• Momentum works across all markets and assets
  • Disposition effect, reacting too late all possible causes
  • Its hard to buy higher, sell lower
  • Momentum can work with big profits but few wins
  • Or small profits and many wins

The race may not always be to the swift nor the victory to the strong, but that’s how you bet. Damon Runyon.

Momentum works – academic proof

You don’t have to read How I Made Two Million Dollars in the Stock Market by Nicolas Darvas or William O’Neals How to Make Money in Stocks to  appreciate that momentum works.  There is plenty of academic literature that proves that point.

Cliff Asness of AQR fame wrote a paper with several colleagues that methodically eviscerates every argument against momentum. They show that the phenomenon works for big cap socks as well as small ones. They show that transaction costs do not in fact erase all of the gains. They  show that it works both on the short side and the long side. They even show that it is not particularly tax punitive because the strategy forces you to sell losers and keep winners thus creating short term capital losses and long term capital gains.

Other researchers have shown that momentum works on forex, on commodities, on non-US stocks and although there is not yet enough history to do a study we have all seen that momentum works on crypto.

Disposition effect, late reaction some reasons for why it works

There are a myriad of explanations for why momentum works. At first investors underreact to information and then they overreact  thus creating massive waves of buying and selling. Investors are also prone to the disposition effect (they hate losses twice as much as they like wins) and therefore cut their winners and keep losers. Melvin Capital’s misguided attempt at shorting GameStop was perhaps the most vivid recent example of momentum gone wrong (or right depending on which side of the trade you were on).

Investors love to trade mean reversion – helping momentum

I would agree with all the assessments and just add one thought of my own. I think momentum works simply because human nature (and by human nature I mean me) can’t help it. We are seemingly programmed to try to “buy low” and “sell high” – a sensible set of behaviors in every other part of life except an auction – which is exactly what the market is. I can’t tell you how many times I’ve made money being on the right side trend only to give it all back when I decided that it has gone up or down “enough” and then switched to the other side only to give back all my gains.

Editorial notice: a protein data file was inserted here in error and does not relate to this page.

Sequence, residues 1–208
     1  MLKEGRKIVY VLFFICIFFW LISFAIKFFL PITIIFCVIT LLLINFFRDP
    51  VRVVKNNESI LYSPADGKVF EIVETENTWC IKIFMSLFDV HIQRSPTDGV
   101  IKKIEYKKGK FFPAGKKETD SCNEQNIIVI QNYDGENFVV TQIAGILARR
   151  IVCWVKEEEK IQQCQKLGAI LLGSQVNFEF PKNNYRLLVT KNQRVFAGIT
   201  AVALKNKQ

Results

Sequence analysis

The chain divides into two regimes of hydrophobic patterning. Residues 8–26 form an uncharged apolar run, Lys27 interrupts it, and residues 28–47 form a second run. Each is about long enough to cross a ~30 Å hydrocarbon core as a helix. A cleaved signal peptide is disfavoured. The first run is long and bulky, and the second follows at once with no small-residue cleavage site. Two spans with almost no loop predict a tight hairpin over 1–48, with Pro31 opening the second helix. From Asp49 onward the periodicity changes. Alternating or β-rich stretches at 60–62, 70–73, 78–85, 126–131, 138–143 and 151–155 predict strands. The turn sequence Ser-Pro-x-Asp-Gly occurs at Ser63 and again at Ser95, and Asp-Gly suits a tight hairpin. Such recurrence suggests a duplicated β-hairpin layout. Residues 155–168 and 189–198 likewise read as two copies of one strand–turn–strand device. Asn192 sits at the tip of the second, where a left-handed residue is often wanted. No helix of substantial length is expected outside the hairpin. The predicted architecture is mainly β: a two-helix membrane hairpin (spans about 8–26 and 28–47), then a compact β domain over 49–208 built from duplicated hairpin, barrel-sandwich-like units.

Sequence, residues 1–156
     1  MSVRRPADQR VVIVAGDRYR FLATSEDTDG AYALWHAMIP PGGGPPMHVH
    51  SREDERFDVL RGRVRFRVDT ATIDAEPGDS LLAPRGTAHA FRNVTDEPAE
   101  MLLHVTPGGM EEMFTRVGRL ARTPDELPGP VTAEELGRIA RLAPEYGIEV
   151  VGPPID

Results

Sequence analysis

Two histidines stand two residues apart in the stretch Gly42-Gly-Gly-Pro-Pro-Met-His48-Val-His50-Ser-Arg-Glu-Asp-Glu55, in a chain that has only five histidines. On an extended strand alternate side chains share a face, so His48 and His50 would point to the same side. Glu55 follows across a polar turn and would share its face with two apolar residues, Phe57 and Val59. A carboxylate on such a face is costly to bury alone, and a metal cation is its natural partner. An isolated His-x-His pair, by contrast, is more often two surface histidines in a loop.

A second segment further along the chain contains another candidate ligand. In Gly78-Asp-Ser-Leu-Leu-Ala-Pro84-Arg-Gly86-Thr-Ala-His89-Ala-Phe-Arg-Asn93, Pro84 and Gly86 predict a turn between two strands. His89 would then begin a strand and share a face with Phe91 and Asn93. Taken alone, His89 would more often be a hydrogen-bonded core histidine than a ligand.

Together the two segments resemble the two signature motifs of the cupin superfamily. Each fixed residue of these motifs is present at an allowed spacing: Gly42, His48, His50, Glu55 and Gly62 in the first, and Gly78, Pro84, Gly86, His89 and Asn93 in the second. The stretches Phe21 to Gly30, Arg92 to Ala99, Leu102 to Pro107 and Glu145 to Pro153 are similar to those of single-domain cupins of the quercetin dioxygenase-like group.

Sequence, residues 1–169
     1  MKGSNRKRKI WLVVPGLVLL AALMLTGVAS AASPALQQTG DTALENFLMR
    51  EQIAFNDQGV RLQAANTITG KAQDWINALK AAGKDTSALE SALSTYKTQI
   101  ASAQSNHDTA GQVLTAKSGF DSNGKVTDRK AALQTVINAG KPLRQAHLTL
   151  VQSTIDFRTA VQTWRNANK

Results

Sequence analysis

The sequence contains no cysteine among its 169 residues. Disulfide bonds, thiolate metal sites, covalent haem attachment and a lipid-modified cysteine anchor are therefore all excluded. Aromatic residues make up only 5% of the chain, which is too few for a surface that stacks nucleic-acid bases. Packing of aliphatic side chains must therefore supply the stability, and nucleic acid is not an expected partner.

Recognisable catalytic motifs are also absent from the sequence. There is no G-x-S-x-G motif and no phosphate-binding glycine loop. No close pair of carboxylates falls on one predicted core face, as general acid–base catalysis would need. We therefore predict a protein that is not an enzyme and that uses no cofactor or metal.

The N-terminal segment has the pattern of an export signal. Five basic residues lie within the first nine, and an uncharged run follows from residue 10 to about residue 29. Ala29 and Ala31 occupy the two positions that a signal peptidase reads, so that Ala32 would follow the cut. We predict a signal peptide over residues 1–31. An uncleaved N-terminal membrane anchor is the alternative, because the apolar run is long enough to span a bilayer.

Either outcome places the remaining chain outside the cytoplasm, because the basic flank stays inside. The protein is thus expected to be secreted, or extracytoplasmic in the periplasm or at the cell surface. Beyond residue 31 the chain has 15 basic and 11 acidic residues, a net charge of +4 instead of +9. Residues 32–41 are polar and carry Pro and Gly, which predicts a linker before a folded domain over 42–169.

This happens so often that I have now basically outsourced all momentum trading to my algo and am constantly surprised at how much better it trades than I do because it does not try to pick a top or a bottom.

Momentum is vulnerable to chop

Momentum is not foolproof. It is at its core a continuation strategy and as such will be whipsawed to death by sharp reversal markets. There is nothing worse for the momentum trader than a series of V shaped bottoms followed by upside down V shaped tops. You inevitably wind up selling bottoms and buying tops.  Fortunately such stylized trading environment does not occur too often and the data incontrovertibly confirms that taking the opposite side of that bet (e.g. that continuation will occur) is the long term winning bet.

My momentum system never really suffers from the “chop effect”, but it comes at a cost. The trades I make both in our chat room and on the algo try to capture just the smallest initial slice of the move. It is often the case that we will catch the first 10 of the next 100 point burst in the Nasdaq futures and no more.  Does that hurt? Is that frustrating? Only if you don’t understand the cardinal rule of trading.

Win big and rarely or small and frequently

In trading you can lose small and win small or lose big and win big.  That’s it. Those are your only two choices. Since I am perhaps the most extreme example of disposition effect ( I hate to lose five times more than I like to win) I’ve structured my strategy to never win big and never lose big. Others in my room have a different outlook and trade for far more points than I do.

The beauty of momentum is that it’s flexible enough to accommodate  everyone’s risk preferences. It can be adapted to micro scalp the 1 minute chart ( as we do twenty times a day in my trading room). Or it can ride multi month moves like we are seeing in Bitcoin. Regardless of how you structure your trading, just know that buying high and selling higher is a much better way to go than buying low in hopes of selling high. That may seem much more sensible, but that is not how markets work.